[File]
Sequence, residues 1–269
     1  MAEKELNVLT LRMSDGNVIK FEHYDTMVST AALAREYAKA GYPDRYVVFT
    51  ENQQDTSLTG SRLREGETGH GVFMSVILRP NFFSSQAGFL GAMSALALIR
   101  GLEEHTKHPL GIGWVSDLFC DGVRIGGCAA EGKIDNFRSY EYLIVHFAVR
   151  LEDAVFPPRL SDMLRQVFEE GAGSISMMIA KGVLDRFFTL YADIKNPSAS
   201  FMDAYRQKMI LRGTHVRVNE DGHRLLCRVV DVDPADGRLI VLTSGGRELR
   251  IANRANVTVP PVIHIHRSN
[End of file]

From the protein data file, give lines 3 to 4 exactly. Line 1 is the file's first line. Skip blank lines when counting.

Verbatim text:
    51  ENQQDTSLTG SRLREGETGH GVFMSVILRP NFFSSQAGFL GAMSALALIR
   101  GLEEHTKHPL GIGWVSDLFC DGVRIGGCAA EGKIDNFRSY EYLIVHFAVR